Jam Jars for Flowers

flowers in jars

There’s an effortless feel to jam jars for flowers, more relaxed than blooms standing stiffly to order in traditional vases. However, just because you’re going country casual, it doesn’t mean you can dispose of elegance altogether. If jam jars are a bit too basic you can always glam them up with a pretty paper and lace wrap and the assortment of sizes and shapes available adds great flexibility to your arrangements. These displays are all easily achievable with home grown flowers.

Pink and blue flowers in jars

This classic colour combination works for any occasion, even bridal. Mix pink and blue hydrangeas with buddleia, roses and jasmine for a butterfly friendly, delicately scented and very feminine display.

Pure whites

Mix a combination of pure whites with plenty of foliage for a fresh, elegant feel. White roses always make an excellent focal point and are well complemented with white and green hydrangeas, jasmine, white astilbe and that useful standby, gypsophilia.


Mix sweet peas with peonies, hydrangeas, stocks and delphiniums, punctuated with some veronica, for a romantic, cottage country garden combination, as fragrant as it is pretty.

Posies of flowers in jars

This informal display makes the most of wild flowers for a just picked look, loosely tied together with twine to maintain the shape. Try roses with salvia, pinks, marguerites, mint and geraniums as novel flowers in jars.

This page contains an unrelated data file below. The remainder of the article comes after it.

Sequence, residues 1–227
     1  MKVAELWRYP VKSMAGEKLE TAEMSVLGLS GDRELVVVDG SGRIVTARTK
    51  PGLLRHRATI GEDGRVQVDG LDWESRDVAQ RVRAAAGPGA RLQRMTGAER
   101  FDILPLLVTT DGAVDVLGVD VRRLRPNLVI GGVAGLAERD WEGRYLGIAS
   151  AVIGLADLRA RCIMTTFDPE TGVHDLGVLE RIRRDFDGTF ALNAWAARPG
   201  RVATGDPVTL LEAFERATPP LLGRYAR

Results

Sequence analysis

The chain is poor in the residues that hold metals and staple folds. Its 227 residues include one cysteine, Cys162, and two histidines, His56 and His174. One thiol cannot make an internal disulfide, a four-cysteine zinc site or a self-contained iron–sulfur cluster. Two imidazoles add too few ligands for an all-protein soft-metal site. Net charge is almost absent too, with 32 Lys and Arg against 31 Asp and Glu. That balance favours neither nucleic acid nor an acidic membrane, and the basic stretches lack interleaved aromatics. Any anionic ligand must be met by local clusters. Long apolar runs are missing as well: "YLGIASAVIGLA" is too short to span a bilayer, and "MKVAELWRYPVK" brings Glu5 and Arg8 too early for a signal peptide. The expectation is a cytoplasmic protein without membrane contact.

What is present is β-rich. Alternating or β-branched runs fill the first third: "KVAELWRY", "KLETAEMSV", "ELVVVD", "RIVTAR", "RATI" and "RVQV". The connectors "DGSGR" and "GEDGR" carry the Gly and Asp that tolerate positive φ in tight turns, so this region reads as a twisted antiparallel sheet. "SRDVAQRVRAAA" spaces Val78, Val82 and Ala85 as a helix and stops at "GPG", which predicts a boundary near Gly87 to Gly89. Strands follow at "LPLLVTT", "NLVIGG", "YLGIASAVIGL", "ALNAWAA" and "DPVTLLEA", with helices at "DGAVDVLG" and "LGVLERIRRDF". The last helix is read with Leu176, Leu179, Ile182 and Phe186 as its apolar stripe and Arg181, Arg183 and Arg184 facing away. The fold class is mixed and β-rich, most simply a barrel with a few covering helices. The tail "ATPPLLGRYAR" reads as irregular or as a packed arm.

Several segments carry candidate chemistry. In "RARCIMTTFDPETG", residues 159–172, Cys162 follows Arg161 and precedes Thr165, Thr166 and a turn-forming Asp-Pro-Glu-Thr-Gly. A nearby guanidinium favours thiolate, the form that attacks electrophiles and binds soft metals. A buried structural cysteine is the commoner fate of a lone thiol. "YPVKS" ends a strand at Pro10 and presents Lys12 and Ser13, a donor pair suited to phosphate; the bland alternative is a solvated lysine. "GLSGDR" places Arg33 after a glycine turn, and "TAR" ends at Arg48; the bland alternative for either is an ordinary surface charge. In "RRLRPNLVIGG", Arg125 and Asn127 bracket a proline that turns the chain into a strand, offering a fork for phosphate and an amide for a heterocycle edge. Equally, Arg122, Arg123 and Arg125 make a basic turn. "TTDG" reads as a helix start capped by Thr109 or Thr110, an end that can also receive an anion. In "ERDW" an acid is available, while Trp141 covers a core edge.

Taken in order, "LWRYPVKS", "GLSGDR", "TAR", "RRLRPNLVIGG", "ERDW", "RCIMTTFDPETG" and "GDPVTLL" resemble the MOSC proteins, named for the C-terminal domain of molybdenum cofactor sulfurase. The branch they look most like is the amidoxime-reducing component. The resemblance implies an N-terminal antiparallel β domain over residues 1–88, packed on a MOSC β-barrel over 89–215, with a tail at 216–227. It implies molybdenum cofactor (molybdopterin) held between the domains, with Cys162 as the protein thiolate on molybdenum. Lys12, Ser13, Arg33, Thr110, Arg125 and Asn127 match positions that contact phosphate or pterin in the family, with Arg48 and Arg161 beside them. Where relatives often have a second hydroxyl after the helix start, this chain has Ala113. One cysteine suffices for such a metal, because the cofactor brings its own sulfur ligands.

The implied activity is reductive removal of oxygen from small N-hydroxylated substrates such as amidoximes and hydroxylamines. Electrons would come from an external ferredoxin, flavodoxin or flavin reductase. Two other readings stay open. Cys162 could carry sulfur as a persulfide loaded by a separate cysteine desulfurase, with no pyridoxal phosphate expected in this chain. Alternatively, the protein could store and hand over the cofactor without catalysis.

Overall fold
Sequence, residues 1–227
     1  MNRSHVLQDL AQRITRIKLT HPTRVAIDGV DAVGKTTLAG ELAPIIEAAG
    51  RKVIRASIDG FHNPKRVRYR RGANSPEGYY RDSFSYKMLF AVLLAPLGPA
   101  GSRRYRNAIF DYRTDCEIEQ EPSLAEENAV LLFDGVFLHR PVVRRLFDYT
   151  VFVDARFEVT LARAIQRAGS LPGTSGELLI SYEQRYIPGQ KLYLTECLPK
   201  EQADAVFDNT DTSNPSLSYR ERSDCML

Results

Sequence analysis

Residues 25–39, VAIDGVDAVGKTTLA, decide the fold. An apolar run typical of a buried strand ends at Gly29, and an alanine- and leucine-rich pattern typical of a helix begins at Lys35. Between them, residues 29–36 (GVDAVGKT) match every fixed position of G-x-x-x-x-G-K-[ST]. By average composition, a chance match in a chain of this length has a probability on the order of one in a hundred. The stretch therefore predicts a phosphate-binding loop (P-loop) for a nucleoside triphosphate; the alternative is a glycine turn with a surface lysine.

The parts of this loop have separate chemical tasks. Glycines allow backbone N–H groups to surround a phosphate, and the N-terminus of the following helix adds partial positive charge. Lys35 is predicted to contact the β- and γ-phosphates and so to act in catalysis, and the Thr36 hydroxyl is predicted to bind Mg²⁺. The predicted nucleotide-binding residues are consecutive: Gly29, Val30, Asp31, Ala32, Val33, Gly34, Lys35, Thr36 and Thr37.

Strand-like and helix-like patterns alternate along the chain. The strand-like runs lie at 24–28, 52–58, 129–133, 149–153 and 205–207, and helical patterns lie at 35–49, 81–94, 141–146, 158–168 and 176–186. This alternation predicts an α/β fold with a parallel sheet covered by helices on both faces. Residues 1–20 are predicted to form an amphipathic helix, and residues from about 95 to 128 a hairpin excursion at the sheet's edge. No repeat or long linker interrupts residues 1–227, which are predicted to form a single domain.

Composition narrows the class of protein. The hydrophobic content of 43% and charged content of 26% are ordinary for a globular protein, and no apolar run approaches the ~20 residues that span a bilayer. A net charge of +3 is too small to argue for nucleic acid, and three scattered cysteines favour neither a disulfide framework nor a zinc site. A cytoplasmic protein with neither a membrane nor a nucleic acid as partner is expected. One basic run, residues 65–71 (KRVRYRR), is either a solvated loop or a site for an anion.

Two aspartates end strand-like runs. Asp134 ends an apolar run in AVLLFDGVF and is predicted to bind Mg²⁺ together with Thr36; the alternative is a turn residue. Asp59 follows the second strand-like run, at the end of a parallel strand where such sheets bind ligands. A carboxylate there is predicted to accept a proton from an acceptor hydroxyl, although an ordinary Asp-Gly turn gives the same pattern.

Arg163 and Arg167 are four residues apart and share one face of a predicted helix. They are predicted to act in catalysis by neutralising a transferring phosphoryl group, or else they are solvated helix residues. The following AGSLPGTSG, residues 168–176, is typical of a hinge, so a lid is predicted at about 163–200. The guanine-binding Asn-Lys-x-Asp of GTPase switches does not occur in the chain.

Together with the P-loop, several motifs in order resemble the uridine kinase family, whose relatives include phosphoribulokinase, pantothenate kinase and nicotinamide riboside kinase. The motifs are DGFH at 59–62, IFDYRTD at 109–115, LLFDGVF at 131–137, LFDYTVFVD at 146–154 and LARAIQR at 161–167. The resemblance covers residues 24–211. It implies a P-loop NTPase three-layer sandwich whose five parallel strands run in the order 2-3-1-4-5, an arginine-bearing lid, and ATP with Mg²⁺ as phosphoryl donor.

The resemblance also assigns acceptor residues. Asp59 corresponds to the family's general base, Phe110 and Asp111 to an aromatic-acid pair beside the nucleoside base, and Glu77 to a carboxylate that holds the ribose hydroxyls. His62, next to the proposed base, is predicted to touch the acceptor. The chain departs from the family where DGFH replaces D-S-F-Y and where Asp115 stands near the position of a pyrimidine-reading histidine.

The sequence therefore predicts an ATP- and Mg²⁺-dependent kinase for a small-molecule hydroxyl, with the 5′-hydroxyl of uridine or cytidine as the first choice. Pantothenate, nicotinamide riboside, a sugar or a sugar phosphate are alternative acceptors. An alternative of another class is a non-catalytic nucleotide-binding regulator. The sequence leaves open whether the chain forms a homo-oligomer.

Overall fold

Single blooms

You can’t go wrong with a bunch of single blooms in a bold shape and colour – try California bluebells, good old hydrangeas – again! – delicate clarkia or larkspur. These simple arrangements look particularly chic with decorated jam jars for flowers.

Hints and tips

When arranging flowers, try to avoid touching petals, as even a delicate hand can bruise them and result in brown patches.

Use foliage – it’s not all about the blooms. Foliage adds structure and life to displays that could otherwise seem blowzy. Try pittosporum, ivy and sprigs of mint.

Remove thorns and any leaves that will sit below the waterline, as they will only rot.
Cut stems on the diagonal and get them into water as soon as possible. Change the water and re-cut stems every few days to prolong the life of flowers.

Cut in the morning while the air is still cool and damp and stick to freshly opened blooms for the longest, freshest displays.

If you’re going for a combination, aim for a mix of thrillers, fillers and spillers – some attention grabbing centrepieces, useful space fillers such as foliage and some pretty edging material.

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